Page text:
Located in the old Harrington building on the now revived Main Street, Alleia is the sister restaurant of St. John’s & St. John’s Meeting Place. As Chef Daniel Lindley’s foray into rustic Italian food, the menu incorporates fresh, regional ingredients into dishes alongside high-quality, imported Italian ones, yielding food that reflects both Italy and Tennessee. The heart of the restaurant is a custom wood-burning, hand-cut brick oven that blazes at 750° and yields perfect pizza, the real stuff with a bubbly, crisp and slightly charred crust. The menu boasts seven types of house-made pasta and there is an ever-evolving daily menu that offers a carousel of specials like large pillows of gnocchi with ] fall-apart tender braised lamb shank, tangy zante currants, pine nuts, and the fresh bite of mint which is also, incidentally, perhaps one of the best things you will ever put in your mouth.
If the food were served out of a cardboard box, it would be reason enough to go, but the interior is something to behold and unlike any other place in town. Decorated by Rodney Simmons of Revival Studio, the modern rustic interior is trimmed in the 300-yearold wood taken from the original Harrington building, and features a 32-seat communal table which embodies a new take on Valentine’s Day, one that’s just as much about community, family and friends as it is about lovers. It’s a table for a come one and all Valentine’s Day. But no worries, if you and your significant other want a table tucked away, there’s plenty of that too, and you might just be able to find a dark, cozy corner on the red sofa in the bar.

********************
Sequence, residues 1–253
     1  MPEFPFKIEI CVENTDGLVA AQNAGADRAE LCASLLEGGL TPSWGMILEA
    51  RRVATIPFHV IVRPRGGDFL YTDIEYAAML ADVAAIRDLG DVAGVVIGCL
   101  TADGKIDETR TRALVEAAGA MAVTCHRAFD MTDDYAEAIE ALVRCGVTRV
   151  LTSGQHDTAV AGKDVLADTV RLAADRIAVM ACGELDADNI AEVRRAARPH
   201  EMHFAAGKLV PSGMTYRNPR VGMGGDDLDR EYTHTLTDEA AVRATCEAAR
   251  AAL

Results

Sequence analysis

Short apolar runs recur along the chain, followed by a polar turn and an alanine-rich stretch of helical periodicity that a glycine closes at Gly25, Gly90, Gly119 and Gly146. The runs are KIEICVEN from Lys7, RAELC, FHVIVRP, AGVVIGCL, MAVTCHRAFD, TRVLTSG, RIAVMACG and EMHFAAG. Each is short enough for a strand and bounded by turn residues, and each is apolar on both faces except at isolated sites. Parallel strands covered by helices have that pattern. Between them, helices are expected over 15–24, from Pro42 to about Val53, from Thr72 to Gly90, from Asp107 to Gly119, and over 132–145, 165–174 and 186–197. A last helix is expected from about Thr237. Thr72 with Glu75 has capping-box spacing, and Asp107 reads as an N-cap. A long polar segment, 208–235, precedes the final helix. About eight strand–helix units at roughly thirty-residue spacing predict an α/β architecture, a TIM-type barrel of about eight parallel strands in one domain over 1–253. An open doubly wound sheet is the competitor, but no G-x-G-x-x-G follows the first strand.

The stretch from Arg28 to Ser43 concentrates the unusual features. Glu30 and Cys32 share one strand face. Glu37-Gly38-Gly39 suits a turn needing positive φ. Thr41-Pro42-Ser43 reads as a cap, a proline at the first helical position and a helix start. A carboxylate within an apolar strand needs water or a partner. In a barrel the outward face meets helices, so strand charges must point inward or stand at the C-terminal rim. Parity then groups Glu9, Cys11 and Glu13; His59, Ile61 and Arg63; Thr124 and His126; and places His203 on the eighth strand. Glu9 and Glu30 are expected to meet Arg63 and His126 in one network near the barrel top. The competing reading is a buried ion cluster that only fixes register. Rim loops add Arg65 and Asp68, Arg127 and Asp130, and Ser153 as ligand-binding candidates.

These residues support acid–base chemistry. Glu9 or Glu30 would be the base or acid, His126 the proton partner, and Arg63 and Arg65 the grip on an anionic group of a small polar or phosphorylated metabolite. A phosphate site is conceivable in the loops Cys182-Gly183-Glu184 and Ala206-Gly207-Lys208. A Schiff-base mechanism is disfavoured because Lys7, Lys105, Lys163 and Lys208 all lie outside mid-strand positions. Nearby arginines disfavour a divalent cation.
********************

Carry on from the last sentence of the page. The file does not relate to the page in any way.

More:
Learn more about Alleia at alleiarestaurant.com